When future historians look back at the beginning of the 21st century, they’ll note that we grappled with many big issues.
They’ll write about the battle between nationalism and globalism, soaring global debt, a dysfunctional healthcare system, societal concerns around automation and AI, and pushback on immigration. They will also note the growing number of populist leaders in Western democracies, ranging from Marine Le Pen to Donald Trump.
However, these historians will not view these ideas and events in isolation. Instead, they will link them all, at least partially, to an overarching trend that is intimately connected to today’s biggest problems: the “hollowing out” of the middle class.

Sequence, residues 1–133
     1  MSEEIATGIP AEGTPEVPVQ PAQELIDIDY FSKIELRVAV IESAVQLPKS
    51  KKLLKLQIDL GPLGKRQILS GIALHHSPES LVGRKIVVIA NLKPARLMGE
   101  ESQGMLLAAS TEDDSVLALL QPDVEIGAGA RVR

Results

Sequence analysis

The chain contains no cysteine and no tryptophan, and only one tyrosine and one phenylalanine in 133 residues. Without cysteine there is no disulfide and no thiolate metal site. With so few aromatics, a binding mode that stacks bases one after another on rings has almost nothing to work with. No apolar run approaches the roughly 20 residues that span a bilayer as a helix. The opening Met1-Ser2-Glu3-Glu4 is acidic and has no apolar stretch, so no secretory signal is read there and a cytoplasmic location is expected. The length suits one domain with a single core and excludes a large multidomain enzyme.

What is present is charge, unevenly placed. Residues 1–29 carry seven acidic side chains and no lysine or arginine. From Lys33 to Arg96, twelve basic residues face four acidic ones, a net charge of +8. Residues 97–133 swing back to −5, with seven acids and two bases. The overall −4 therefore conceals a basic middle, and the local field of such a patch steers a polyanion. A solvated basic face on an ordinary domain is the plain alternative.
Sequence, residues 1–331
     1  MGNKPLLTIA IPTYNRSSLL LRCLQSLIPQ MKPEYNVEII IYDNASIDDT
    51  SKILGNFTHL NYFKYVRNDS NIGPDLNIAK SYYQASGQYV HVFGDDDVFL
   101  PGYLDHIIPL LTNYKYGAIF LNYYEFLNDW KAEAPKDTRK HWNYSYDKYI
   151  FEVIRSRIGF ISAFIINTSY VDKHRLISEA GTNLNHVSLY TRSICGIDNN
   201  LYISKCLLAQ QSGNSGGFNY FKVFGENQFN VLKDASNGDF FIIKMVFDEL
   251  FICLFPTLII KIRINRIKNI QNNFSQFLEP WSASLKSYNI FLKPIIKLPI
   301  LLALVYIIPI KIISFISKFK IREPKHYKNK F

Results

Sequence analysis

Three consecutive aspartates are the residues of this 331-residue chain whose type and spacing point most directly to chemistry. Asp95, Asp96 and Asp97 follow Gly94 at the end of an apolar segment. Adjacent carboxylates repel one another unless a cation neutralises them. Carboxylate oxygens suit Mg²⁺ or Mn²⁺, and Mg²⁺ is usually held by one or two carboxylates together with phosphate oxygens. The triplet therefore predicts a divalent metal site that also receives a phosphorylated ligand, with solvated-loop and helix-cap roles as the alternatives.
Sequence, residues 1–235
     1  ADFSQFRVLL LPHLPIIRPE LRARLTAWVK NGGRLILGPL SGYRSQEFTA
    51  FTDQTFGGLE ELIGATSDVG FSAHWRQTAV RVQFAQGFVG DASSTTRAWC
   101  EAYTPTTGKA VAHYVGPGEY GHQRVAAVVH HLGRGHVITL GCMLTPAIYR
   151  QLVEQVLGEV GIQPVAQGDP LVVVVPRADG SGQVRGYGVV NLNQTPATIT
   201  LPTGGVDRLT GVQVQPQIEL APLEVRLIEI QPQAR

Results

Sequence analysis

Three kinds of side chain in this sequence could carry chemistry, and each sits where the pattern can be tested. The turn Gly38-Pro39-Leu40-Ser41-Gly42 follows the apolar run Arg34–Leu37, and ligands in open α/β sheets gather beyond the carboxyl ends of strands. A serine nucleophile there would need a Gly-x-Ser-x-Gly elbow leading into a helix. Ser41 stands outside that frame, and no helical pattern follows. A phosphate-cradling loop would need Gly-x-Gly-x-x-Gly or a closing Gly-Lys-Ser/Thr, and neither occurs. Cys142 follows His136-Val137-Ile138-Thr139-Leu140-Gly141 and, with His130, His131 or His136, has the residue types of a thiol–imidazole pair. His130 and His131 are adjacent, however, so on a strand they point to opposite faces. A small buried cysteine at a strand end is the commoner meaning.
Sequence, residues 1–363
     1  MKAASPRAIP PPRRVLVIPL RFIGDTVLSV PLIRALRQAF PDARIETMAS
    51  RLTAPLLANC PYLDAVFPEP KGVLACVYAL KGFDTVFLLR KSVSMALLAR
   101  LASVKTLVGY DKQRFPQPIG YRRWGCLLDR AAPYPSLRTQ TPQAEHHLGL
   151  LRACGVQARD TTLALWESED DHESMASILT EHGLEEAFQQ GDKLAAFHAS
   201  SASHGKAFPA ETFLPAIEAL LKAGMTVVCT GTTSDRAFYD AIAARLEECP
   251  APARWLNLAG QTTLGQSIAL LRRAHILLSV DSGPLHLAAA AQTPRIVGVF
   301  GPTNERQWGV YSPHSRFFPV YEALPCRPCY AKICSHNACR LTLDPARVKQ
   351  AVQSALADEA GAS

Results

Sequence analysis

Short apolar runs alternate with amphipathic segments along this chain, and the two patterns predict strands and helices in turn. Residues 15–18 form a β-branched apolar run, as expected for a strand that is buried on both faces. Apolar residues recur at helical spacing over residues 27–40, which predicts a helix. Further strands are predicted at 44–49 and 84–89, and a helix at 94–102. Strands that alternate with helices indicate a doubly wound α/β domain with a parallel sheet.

The fact is many people have less money in their pockets – and understandably, this has motivated people to take action against the status quo.
And while the collapse of the middle class and income inequality are issues that receive a fair share of discussion, …
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